I went to Thailand about 10 years ago and sadly missed out on this national dish. At the time i was still living under the illusion that i was allergic to all nuts and so i avoided all of them. Later, i discovered they are not a one-category food and so the likely hood of someone being allergic to all nuts is extremely unlikely. I now love peanuts but try and limit my intake after a bit of research on Omega 3 versus Omega 6. Traditional this dish is made with peanuts, which of course you can still use, but they aren’t the healthiest of nuts. There are 2 main reasons for this:
- Peanuts contain a high amount of omega-6 oils and a low amount of omega-3 oils. Perhaps you are still working under the idea that omega oils are all great and the more the merrier but in fact this isn’t the case. The ideal ratio of intake of omega 6 to omega 3 is 2:1. American’s on average have an intake of 20:1, far higher then recommended. A study by the Center of Genetics, Nutrition and Health links this excess of omega 6 oils and a deficiency of omega 3 oils to many chronic diseases including cardiovascular disease, cancer, inflammatory and autoimmune disease. Omega 3 is inflammatory and Omega 6 causes inflammation. Many peanut butters are blended with added hydrogenated oils which again are high in Omega 6 making them even more off balance in terms of omegas.
- Peanuts are grown on the ground in hot, tropical regions making them prone to mould and mycotoxins. Many batches, even organic have been shown to contain mould spores even though you might not taste or see them. Mould can cause depression as well as bring on asthmatic conditions.
However, that being said there are ways to rebalance if you just can’t give those peanuts up!
- If you go for Jungle or Valencia peanuts these are less likely to contain mould as they aren’t grown on the ground. Valencia peanuts also contain monounsaturated fats and the antioxidant resveratrol a powerful free-radical fighter!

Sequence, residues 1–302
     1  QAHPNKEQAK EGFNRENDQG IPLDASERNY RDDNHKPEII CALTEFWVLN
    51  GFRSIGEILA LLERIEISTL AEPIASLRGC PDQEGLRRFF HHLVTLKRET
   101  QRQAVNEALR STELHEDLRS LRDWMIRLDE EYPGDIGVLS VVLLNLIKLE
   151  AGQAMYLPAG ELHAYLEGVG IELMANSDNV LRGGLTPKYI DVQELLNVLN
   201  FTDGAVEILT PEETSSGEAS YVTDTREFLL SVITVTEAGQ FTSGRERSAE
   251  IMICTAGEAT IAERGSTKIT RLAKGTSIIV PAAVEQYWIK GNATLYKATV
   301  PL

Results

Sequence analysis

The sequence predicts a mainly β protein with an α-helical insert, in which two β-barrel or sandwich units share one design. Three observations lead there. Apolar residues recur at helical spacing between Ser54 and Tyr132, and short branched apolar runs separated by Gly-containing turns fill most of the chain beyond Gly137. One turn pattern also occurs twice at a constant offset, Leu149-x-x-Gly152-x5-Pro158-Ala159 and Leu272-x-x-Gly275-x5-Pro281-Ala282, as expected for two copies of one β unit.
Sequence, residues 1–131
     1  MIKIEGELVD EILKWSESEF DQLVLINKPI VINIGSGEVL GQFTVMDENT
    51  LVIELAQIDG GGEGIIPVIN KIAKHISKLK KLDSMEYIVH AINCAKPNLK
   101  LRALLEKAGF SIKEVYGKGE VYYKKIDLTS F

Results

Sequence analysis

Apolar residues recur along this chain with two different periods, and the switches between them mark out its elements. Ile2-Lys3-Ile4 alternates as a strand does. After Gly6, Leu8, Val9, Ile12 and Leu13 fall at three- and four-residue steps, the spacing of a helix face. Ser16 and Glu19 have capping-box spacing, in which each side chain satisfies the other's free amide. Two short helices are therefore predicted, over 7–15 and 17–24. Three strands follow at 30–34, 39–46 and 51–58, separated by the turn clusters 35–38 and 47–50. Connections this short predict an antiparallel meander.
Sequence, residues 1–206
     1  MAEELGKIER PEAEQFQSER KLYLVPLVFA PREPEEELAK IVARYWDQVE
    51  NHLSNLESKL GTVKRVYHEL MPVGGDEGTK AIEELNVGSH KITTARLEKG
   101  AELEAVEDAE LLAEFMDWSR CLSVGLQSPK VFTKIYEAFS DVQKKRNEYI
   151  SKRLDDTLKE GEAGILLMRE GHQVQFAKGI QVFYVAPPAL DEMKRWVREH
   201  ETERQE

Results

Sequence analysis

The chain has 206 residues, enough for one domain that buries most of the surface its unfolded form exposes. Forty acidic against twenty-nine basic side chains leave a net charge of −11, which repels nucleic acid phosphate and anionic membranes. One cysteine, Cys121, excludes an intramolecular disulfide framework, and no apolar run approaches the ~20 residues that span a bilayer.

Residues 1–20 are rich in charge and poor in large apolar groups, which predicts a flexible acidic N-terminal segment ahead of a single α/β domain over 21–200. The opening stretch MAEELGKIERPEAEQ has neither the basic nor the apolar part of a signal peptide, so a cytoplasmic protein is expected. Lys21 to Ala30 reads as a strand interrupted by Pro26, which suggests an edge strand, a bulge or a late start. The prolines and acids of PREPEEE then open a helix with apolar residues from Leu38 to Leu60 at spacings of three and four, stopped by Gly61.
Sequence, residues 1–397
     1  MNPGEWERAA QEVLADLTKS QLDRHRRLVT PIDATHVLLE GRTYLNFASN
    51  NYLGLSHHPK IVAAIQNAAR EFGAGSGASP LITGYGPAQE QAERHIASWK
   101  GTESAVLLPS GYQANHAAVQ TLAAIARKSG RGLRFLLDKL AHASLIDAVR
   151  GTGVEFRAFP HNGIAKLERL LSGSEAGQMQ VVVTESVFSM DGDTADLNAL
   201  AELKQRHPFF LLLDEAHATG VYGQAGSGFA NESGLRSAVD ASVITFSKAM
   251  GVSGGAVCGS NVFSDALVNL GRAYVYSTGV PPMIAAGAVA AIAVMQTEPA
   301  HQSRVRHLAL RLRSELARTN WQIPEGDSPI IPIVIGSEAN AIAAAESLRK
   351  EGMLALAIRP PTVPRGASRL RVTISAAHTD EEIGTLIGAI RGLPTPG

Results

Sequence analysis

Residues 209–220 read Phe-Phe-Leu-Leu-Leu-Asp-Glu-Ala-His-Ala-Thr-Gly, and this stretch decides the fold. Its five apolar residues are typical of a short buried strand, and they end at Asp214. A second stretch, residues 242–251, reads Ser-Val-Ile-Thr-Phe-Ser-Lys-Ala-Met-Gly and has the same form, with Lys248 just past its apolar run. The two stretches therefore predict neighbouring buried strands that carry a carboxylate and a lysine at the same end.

- Also, adding in a food high in Omega 3 when you east your peanuts would rebalance the ratio of oils. Flax seed oil could be stirred into your peanut butter (choose one with no added oils) for example. Flax seed oil is very volatile to air and light so only do this for each portion as you use it and make sure you keep it in the fridge or it will go rancid.
- Making sure you have plenty of omega 3 oils in your diet in general, would mean an occasional peanut binge wouldn’t be to hazourdous to your health. If you aren’t a vegan then fish oils are good as well as the pre-mentioned flax and hemp oils.
One of my favourite tools is my handheld travel spiralizer which makes awesome raw noodles but you can also use a vegetable peeler which is just a little bit more fiddly. If you want to get serious with your raw noodles there are many less-portable crank handle home models available including the original 5 blade Spiralizer.
Easy Raw Vegan Pad Thai
Ingredients- serve 3
1 x courgette/zucchini
1 x carrot
1 x red pepper
1 cup of beansprouts
Handful of red cabbage or Chinese leaf, finely chopped
6 x baby corn, thinly sliced
6 cup sugar snap peas, thinly sliced
1 cup of roughly chopped Almonds
For the Dressing
1 x red chilli, minced
1 x shallot, finely chopped
3 x tablespoons of tamarind paste
2 x tablespoons of agave syrup
1 x tablespoon of tamari
1 x tablespoon of lime juice
Basil leaves and mint leaves, finely chopped
- Spiralize your courgette/zucchini to make long noodle ribbons. Chop up a bit to make them easier to handle. They can be made in 3 ways-
- Use a vegetable peeler to create long strips of carrot to add a different texture to the dish,
- Combine the courgette noodles and carrot strips with all the other ingredients for the pad thai in a large serving bowl.
- To make the dressing, place all the ingredients in a jar and shake well until combines
- Pour over the pad thai and serve.
Nut Dipping Sauce
For extra decadence I recommend this yummy sauce drizzled over your pad thai. Again, I have emitted the peanut butter and used almond which you can of course ignore to get more of that traditional flavour.
Ingredients- Serves 3
3/4 cup of almond butter
1/4 cup of lemon or lime juice
2 x tablespoons of Tamari
2 x tablespoons of agave
1 inch of grated ginger
1 x teaspoon of minced red chilli
1/2 cup of coconut water or filtered water
- Blend all the ingredients until smooth with enough liquid to reach your desired consistency.
Keeps for about 3 days in the fridge and also makes a great satay style dip for vegetables and cabbage wraps.